The fourth language

Anne Darby

In 1993 the British government recognised Welsh as an official language of Britain, and last year recognised the Gaelic and Irish languages. It is thought that there are half a million bilingual people in Wales, but the bilingual population of Scotland and of the six counties of Northern Ireland is closer to 50,000 in each case.

Statistics are hard to come by, but at a conservative estimate there are 50,000 deaf people in the Britain who have no functional understanding of written English and whose only language is British Sign Language (BSL). Then there is a large group of culturally deaf people who are bilingual in BSL and English, plus a large number of people who use BSL to access meetings, communicate with deaf members of their family, friends and work colleagues. In Britain over 100,000 hearing people have learned BSL at evening classes. But at present there are no services available to distribute public information, news and entertainment in BSL.

The language of the deaf community has always been controversial, mainly because of the debates about the need of deaf children to use it to give full access to education. Roughly these fall into two camps with deaf people arguing that children need access to BSL, and the hearing education system arguing that they need exclusive access to speech. In 1880, this argument was won by the "Oralists" at an international conference in Milan, a date that the deaf community holds in the same significance as other people in Britain mark 1066. Deaf teachers lost their jobs, and without the development of educated leaders, the deaf community lost its profile.

In the late 1960s, linguists in the US recognised American Sign Language (ASL) as a language in its own right, with linguistic structures, and they started to identify the grammatical rules and syntax that governed the language. In 1975, British Sign Language was also identified as a language in its own right by British university researchers, the development of video allowing for research and documentation of the language. Margaret Hodge, the current Minister for Disabled People, recently insulted the deaf community, and impugned the academic standing of these professional linguists, by claiming that the status of BSL as a language was debatable.

The British Deaf Association (BDA) was established by deaf people in 1890 in response to the Conference of Milan. Without a pool of educated deaf people, the BDA was run by hearing social workers who, seeing the effect of the failings of the oral education system, promoted the use of sign language.

The declaration of BSL as a full language, together with the documentation of the failure of the education system, gave heart to the deaf community. Deaf people began to take more power in the BDA during the 1980s encouraged by a radical deaf rights group, the National Union of the Deaf, and began to press the government to recognise BSL as a language.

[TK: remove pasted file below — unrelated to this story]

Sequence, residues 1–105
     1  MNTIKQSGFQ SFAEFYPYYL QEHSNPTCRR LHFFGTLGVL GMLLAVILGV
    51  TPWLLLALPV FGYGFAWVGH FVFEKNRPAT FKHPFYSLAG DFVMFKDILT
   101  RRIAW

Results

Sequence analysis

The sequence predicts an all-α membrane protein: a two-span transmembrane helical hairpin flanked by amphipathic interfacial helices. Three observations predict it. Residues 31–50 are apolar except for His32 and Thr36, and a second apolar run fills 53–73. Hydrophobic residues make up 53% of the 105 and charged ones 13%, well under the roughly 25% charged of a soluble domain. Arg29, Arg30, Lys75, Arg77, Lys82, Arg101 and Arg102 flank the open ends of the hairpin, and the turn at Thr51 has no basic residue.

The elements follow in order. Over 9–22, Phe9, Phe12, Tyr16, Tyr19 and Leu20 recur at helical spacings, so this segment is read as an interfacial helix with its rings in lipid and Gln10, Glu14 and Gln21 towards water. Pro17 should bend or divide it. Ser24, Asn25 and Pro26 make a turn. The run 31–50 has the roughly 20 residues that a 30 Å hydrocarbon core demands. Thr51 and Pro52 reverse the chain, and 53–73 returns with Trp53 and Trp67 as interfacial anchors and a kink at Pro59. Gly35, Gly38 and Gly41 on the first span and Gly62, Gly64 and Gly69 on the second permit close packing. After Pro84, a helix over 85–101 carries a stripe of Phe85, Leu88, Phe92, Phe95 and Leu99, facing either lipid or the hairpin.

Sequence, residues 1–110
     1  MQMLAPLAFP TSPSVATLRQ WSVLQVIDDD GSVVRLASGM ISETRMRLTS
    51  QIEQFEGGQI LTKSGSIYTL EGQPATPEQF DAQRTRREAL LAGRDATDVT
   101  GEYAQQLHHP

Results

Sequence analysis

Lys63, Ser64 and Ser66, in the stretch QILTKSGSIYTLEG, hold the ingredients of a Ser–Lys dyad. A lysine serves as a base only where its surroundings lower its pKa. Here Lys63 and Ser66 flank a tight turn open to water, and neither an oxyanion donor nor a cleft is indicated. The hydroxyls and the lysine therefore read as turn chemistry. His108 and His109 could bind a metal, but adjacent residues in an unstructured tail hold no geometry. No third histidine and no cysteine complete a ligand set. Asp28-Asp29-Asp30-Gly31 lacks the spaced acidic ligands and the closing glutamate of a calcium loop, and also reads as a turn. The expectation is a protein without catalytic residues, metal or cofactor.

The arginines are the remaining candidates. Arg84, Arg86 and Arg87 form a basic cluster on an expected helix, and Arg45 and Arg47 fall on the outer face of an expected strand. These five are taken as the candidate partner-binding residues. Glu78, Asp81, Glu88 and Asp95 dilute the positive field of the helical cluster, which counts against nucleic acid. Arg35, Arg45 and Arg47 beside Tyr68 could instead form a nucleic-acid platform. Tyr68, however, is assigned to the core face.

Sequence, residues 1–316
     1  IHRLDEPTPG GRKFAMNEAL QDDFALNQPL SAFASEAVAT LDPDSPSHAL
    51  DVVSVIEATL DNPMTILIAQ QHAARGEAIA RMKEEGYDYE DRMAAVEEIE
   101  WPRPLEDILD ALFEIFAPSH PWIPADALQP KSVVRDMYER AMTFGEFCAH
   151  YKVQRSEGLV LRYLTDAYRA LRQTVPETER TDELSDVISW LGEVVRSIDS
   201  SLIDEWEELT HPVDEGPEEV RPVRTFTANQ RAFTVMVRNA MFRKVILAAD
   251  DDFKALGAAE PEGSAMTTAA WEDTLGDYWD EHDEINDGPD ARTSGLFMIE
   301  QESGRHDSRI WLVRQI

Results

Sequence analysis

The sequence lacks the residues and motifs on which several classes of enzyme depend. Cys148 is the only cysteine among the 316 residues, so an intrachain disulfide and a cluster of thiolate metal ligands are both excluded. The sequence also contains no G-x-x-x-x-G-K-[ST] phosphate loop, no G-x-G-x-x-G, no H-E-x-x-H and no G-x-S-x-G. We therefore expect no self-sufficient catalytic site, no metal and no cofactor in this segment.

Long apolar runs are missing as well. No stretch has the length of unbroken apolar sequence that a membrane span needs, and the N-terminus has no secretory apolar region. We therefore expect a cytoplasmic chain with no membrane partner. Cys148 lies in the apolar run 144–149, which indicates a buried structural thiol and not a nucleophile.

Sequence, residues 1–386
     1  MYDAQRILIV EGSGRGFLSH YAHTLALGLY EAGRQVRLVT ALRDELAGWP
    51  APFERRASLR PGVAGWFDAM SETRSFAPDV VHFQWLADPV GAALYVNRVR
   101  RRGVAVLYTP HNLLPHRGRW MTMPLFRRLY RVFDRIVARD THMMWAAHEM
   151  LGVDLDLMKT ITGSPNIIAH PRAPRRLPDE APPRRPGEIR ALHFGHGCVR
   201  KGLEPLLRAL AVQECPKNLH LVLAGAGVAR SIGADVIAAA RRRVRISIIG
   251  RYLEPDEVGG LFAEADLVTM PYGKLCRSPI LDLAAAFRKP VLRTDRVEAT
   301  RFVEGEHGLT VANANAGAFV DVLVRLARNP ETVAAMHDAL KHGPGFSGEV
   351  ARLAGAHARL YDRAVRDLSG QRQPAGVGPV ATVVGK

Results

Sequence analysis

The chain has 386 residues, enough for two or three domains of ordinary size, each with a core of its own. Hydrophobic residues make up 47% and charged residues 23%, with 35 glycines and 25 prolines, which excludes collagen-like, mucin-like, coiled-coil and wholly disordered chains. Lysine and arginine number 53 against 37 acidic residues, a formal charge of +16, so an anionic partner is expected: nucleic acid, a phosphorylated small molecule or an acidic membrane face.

The government was resistant: they denied funds for research into BSL and into the education of deaf children. John Major, Prime Minister at the time, wrote to a deaf woman saying that the government would never recognise BSL as an official British language despite the European Parliament calling on member states in 1989 to recognise their indigenous languages, and more recently to sign the Council of Europe's Charter for Regional or Minority Languages.

The Labour Government has seemed to want to present itself as more receptive to the views of the deaf community, but in practice very little has changed. The Chief Executive of the Royal National Institute for Deaf People, an organisation close to the Labour government, recently told a deaf woman that the British government will not recognise BSL. When challenged, he told her that his remarks had not been correctly interpreted: that he in fact said "the government will not recognise sign language next week".

Today the organisations of and for deaf people are under pressure from a new organisation, the Federation of Deaf People (FDP) formed two years ago. The FDP has picked up where the NUD left off and has acted as a focus for young radical deaf people who are bilingual and have a strong sense of their deaf identity. The issues of language, identity and culture are so bound up together that minority culture and artistic expression can only be developed and delivered in the language of the community.

Last year the FDP organised the first ever petition and march for the recognition of BSL through London. After handing in the 32,000+ petition at Downing Street, 4000 deaf people and their allies congregated in Trafalgar Square. It was an empowering experience, and this year's marches are planned for Derby and Nottingham in May, in London on 8 July, and then in Birmingham.

But if the lobbying of MPs, petitioning, meetings with Ministers and marches are seen to have no effect, the advice of Welsh Language campaigners at the FDP conference last November has begun to be absorbed by the British deaf community. Activists are already considering and debating nonviolent direct action and have honed their skills on the medical establishment, who experiment with deaf babies via cochlear implantation in the hope of "defeating deafness" and providing a cure through brain surgery. Genetic manipulation is also a threat to the deaf community as it sends a message that our presence is so undesirable and we are so "imperfect" that we must be manipulated out of society.

2001 will be the EU's European Year of Language: how will it be marked by the British government in respect of the fourth indigenous language, British Sign Language?

Anne Darby works with the Federation of Deaf People (FDP)
FDP (Nottingham Branch) tel +44 115 911 1734; email anne.darby@bluecom.net.